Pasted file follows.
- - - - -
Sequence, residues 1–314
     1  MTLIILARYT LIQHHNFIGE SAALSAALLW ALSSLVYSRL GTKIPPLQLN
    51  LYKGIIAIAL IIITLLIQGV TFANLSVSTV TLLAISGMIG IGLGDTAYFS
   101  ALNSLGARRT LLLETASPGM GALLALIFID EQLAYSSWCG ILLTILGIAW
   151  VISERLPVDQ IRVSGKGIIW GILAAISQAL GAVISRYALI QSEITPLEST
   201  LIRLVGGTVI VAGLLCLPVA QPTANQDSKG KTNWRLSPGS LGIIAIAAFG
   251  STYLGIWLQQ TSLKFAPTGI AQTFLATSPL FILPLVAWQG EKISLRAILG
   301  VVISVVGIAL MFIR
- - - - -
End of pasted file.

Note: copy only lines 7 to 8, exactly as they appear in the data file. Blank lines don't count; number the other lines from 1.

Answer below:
   251  STYLGIWLQQ TSLKFAPTGI AQTFLATSPL FILPLVAWQG EKISLRAILG
   301  VVISVVGIAL MFIR